"[W]hen you're learning new things and thus reading introductory material, you'll often see pithy statements that you may interpret as being commandments or something that is supposed to always be true, but in reality they are imprecise statements because it is just impossible to explain everything up front."
[0]: https://old.reddit.com/r/rust/comments/11eyu50/i_love_rust_i...


Congrats. You're the first person I know of to accuse me of dog whistling. Being "extremely online" for about two decades now, I'd say that's pretty damn good. So what am I dog whistling exactly? That people shouldn't use 'unsafe'? Lol. Wow, I really came out swinging! pats self on back

I am actually teaching my toddler how to use a knife. So I'm not sure how that follows...

The GP is right. My comment was sincere and means the exact opposite of what you accuse me of "implying" or "dog whistling."

> [Rust] makes the easy stuff hard.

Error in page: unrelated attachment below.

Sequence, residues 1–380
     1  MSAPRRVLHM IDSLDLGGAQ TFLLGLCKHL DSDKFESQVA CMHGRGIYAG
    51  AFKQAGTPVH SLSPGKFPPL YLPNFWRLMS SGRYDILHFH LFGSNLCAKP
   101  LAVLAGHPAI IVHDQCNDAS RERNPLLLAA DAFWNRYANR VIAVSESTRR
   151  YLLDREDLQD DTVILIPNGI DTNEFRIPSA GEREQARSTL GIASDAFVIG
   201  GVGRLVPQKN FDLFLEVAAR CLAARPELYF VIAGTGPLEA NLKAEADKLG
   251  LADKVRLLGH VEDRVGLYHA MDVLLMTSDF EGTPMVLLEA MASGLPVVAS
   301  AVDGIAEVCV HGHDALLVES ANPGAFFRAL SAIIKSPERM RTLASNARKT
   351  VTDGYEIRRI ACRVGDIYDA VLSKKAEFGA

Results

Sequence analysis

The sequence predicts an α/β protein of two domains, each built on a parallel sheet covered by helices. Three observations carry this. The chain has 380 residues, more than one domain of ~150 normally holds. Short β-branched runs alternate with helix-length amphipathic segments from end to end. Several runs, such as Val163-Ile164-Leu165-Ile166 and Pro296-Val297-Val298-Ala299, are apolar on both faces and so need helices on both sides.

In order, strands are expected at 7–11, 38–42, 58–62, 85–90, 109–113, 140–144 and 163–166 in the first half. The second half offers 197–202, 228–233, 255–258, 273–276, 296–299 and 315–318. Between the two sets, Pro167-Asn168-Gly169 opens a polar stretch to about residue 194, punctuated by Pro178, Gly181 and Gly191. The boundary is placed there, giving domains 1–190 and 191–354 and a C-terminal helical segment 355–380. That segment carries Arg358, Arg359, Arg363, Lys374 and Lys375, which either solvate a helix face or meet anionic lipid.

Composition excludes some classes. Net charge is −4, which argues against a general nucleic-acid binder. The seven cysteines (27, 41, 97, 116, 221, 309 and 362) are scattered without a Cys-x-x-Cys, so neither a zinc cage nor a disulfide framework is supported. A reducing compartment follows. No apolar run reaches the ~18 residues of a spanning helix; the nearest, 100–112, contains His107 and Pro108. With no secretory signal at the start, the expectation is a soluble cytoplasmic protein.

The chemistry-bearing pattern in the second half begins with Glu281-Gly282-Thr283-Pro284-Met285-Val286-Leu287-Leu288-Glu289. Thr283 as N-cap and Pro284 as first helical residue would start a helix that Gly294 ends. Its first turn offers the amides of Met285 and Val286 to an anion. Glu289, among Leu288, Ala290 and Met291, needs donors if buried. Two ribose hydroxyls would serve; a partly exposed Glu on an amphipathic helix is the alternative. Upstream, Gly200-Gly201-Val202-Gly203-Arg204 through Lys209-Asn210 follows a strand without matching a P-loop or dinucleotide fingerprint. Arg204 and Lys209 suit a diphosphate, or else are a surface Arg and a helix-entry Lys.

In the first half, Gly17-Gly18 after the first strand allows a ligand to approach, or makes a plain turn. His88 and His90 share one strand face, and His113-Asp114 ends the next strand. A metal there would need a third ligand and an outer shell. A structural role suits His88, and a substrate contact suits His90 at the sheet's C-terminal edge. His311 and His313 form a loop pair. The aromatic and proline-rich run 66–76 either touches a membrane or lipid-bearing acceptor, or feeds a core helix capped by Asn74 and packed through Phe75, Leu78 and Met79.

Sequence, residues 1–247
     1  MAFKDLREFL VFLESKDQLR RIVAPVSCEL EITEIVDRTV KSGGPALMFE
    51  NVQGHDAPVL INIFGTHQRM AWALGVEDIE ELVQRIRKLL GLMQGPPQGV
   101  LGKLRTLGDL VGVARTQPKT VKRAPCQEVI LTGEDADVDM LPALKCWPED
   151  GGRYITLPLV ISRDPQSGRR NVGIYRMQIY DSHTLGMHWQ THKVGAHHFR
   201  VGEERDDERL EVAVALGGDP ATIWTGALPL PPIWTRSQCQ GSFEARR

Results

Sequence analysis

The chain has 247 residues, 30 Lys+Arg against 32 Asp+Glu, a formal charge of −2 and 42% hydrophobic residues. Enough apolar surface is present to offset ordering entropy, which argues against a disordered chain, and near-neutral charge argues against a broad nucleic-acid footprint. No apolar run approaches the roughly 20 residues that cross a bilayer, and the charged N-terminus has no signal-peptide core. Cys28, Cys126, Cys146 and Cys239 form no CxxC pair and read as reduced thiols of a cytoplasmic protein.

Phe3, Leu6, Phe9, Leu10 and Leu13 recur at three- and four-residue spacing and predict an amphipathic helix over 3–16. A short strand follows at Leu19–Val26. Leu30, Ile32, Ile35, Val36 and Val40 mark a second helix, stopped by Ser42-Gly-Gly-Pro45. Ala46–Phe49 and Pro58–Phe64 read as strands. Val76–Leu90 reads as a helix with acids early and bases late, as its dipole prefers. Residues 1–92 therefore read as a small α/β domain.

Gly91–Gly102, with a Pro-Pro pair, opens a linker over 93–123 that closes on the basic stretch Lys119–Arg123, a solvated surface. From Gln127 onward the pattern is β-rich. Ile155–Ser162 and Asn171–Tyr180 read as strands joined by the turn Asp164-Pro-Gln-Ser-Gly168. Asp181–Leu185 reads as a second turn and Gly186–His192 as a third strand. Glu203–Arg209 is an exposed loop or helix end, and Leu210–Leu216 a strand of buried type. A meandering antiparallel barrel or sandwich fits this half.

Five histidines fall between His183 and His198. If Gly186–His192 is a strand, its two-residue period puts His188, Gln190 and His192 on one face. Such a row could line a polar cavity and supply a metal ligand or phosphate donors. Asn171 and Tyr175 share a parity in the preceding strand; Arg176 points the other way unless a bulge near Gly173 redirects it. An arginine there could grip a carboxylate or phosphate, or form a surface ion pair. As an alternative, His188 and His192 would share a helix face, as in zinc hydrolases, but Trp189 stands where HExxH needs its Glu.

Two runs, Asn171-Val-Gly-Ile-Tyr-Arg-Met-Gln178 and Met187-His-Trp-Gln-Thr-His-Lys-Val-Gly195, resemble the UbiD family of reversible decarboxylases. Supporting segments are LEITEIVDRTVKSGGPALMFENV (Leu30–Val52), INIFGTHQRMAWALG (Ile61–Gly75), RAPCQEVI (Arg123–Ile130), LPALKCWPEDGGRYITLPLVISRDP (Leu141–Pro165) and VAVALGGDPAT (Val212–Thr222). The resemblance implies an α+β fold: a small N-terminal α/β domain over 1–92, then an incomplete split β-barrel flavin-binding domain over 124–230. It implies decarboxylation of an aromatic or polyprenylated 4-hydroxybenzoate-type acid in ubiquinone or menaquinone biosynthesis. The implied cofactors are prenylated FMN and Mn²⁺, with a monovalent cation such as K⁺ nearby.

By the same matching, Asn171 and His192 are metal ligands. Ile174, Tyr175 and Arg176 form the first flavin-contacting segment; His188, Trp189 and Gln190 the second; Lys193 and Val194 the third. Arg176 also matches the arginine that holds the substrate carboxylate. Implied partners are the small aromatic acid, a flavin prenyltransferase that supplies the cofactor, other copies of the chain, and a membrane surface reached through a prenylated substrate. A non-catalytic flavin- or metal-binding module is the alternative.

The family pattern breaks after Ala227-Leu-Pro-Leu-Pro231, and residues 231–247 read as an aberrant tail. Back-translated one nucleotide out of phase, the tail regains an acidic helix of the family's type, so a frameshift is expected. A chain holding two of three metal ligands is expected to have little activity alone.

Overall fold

I totally disagree with that claim. The easy thing to do is not use unsafe Rust. You can use stringly-typed datastructures with lots of refcounting or copying, just like Perl, without ever venturing into unsafe Rust.

> Writing basic data structures isn't a niche, esoteric edge case. There may be a crate that "solves" what you're trying to do. But does it rely on the std---(i.e., is it unusable for systems programming)?

In what world is Perl suitable for systems where possible memory allocation is a problem?

> Writing basic data structures isn't a niche, esoteric edge case

Maybe it isn't an edge case (although it should be) it also isn't `easy` in a non GC'd language, and a huge source of memory bugs.

I wouldn't say it makes the 'easy stuff hard' as much as the 'hard stuff appropriately difficult'.

why should writing a basic data structure be an edge case? …what?

All of the "basic" data structures are already provided by either the standard library or crate ecosystem, so you'll rarely (if ever) need to write your own linked list or hash map from scratch.